There are many different variations of extrusion equipment. They vary by four major characteristics:
Movement of the extrusion with relation to the ram. If the die is held stationary and the ram moves towards it then it is called "direct extrusion". If the ram is held stationary and the die moves towards the ram it is called "indirect extrusion".
The position of the press, either vertical or horizontal.
The type of drive, either hydraulic or mechanical.
The type of load applied, either conventional (variable) or hydrostatic.
A single or twin screw auger, powered by an electric motor, or a ram, driven by hydraulic pressure (often used for steel and titanium alloys), oil pressure (for aluminium), or in other specialized processes such as rollers inside a perforated drum for the production of many simultaneous streams of material.Typical extrusion presses cost more than $100,000, whereas dies can cost up to $2000.
Plot of forces required by various extrusion processes.
Direct extrusion, also known as forward extrusion, is the most common extrusion process. It works by placing the billet in a heavy walled container. The billet is pushed through the die by a ram or screw. There is a reusable dummy block between the ram and the billet to keep them separated. The major disadvantage of this process is that the force required to extrude the billet is greater than that needed in the indirect extrusion process because of the frictional forces introduced by the need for the billet to travel the entire length of the container. Because of this the greatest force required is at the beginning of process and slowly decreases as the billet is used up. At the end of the billet the force greatly increases because the billet is thin and the material must flow radially to exit the die. The end of the billet (called the butt end) is not used for this reason.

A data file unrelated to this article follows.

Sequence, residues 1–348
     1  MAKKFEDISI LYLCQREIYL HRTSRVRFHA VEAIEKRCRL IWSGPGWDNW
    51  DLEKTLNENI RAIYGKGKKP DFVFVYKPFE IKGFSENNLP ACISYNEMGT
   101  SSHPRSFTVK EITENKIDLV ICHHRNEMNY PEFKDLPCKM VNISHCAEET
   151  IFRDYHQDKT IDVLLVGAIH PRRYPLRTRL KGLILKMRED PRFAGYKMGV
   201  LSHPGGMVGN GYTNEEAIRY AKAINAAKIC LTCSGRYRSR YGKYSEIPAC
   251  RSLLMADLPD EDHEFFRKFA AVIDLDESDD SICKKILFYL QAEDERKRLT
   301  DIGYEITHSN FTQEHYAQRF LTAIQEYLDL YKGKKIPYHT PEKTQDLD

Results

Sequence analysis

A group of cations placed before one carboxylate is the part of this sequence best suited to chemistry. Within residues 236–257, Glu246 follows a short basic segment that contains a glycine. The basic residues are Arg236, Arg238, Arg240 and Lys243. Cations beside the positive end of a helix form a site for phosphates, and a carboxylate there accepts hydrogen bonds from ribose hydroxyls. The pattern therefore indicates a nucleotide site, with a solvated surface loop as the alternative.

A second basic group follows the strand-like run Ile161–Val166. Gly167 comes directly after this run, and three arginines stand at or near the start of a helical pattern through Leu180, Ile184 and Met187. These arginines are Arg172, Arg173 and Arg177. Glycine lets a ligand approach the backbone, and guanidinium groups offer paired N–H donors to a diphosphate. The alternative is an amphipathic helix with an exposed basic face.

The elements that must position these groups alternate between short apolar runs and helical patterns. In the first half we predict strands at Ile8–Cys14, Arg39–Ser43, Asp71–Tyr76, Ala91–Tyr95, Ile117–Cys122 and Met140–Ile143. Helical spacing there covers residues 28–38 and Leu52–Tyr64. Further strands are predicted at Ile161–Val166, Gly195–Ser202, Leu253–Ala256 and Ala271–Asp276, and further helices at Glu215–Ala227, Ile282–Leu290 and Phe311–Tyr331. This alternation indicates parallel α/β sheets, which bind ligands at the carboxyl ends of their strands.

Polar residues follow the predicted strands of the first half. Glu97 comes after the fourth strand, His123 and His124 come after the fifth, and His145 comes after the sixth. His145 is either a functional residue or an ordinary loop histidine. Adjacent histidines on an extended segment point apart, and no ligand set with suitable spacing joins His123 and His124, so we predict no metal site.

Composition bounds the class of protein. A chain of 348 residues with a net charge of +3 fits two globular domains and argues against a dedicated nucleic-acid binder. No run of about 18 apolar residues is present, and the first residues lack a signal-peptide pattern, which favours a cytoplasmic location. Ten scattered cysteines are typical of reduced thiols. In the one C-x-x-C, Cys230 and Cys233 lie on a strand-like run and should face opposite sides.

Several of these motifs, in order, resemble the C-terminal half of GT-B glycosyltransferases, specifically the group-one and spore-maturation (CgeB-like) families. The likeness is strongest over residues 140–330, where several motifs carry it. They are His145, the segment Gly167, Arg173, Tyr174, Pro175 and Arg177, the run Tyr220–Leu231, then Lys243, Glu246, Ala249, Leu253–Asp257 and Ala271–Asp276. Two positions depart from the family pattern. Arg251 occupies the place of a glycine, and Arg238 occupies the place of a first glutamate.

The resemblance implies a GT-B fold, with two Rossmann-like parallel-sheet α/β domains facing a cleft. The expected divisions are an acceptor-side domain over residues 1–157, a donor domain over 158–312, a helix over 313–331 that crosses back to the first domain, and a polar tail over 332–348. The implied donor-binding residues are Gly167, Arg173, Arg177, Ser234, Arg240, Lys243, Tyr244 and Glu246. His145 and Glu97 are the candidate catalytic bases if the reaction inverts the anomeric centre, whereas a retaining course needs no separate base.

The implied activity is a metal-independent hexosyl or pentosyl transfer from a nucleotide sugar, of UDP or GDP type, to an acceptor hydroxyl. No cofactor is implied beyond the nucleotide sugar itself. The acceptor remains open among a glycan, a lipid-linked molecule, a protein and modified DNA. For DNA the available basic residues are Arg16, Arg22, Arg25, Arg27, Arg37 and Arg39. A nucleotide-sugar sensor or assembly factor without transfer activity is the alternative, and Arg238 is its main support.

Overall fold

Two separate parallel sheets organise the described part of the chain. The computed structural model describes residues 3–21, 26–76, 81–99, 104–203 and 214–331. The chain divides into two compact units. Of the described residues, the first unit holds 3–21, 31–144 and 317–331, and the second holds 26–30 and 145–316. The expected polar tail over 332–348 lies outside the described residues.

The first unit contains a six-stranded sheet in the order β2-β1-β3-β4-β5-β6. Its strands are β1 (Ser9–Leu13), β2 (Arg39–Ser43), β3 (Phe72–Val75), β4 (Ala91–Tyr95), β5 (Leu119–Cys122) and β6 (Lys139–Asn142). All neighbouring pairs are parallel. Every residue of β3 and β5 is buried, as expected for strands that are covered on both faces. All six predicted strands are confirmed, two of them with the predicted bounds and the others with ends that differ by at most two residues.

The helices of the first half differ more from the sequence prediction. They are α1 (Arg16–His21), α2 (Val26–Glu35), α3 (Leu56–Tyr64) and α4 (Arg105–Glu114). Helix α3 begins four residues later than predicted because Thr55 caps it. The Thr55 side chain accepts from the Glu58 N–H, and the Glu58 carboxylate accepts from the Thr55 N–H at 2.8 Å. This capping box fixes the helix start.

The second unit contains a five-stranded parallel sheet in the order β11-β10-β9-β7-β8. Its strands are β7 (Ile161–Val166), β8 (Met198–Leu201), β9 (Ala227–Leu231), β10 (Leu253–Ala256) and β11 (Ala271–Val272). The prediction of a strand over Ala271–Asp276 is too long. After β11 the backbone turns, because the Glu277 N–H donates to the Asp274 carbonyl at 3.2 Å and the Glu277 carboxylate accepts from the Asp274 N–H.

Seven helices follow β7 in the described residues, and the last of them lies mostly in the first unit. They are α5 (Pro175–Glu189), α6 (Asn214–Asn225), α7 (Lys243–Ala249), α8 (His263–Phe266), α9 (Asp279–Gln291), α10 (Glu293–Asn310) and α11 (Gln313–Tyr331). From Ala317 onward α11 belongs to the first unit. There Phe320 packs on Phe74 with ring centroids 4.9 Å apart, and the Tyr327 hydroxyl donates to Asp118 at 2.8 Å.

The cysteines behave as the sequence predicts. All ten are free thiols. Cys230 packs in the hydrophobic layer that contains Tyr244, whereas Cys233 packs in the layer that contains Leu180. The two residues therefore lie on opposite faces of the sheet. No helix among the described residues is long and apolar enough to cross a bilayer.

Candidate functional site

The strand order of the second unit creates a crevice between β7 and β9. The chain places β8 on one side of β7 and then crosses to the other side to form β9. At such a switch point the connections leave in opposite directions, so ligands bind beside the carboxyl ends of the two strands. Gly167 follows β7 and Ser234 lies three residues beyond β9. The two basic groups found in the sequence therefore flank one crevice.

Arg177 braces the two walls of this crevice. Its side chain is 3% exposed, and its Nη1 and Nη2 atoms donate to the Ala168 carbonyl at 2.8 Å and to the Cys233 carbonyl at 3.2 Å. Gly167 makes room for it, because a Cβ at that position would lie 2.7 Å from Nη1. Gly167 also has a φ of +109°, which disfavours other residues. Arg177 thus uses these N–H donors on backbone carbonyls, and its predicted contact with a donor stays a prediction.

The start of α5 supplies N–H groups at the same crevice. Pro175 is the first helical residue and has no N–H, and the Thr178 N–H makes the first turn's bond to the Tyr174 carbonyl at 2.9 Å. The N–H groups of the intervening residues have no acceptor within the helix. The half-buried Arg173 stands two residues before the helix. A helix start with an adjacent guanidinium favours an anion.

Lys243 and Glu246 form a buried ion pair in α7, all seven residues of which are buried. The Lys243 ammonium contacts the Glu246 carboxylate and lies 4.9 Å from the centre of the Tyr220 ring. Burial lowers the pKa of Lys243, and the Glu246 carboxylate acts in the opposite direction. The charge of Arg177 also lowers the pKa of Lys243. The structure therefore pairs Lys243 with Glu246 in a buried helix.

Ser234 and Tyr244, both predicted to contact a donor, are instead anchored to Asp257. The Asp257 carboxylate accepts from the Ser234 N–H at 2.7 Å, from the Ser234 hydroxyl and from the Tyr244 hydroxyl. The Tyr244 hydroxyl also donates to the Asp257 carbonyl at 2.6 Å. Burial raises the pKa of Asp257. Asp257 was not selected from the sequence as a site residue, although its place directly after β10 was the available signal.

In indirect extrusion, also known as backwards extrusion, the billet and container move together while the die is stationary. The die is held in place by a "stem" which has to be longer than the container length. The maximum length of the extrusion is ultimately dictated by the column strength of the stem. Because the billet moves with the container the frictional forces are eliminated. This leads to the following advantages:
A 25 to 30% reduction of friction, which allows for extruding larger billets, increasing speed, and an increased ability to extrude smaller cross-sections
There is less of a tendency for extrusions to crack because there is no heat formed from friction
The container liner will last longer due to less wear
The billet is used more uniformly so extrusion defects and coarse grained peripherals zones are less likely.
The disadvantages are:
Impurities and defects on the surface of the billet affect the surface of the extrusion. These defects ruin the piece if it needs to be anodized or the aesthetics are important. In order to get around this the billets may be wire brushed, machined or chemically cleaned before being used.
This process isn't as versatile as direct extrusions because the cross-sectional area is limited by the maximum size of the stem.
In the hydrostatic extrusion process the billet is completely surrounded by a pressurized liquid, except where the billet contacts the die. This process can be done hot, warm, or cold, however the temperature is limited by the stability of the fluid used. The process must be carried out in a sealed cylinder to contain the hydrostatic medium. The fluid can be pressurized two ways:
Constant-rate extrusion: A ram or plunger is used to pressurize the fluid inside the container.
Constant-pressure extrusion: A pump is used, possibly with a pressure intensifier, to pressurize the fluid, which is then pumped to the container.
The advantages of this process include:
No friction between the container and the billet reduces force requirements. This ultimately allows for faster speeds, higher reduction ratios, and lower billet temperatures.
Usually the ductility of the material increases when high pressures are applied.
An even flow of material.
Large billets and large cross-sections can be extruded.
No billet residue is left on the container walls.
The disadvantages are:
The billets must be prepared by tapering one end to match the die entry angle. This is needed to form a seal at the beginning of the cycle. Usually the entire billet needs to be machined to remove any surface defects.
Containing the fluid under high pressures can be difficult.
Most modern direct or indirect extrusion presses are hydraulically driven, but there are some small mechanical presses still used. Of the hydraulic presses there are two types: direct-drive oil presses and accumulator water drives.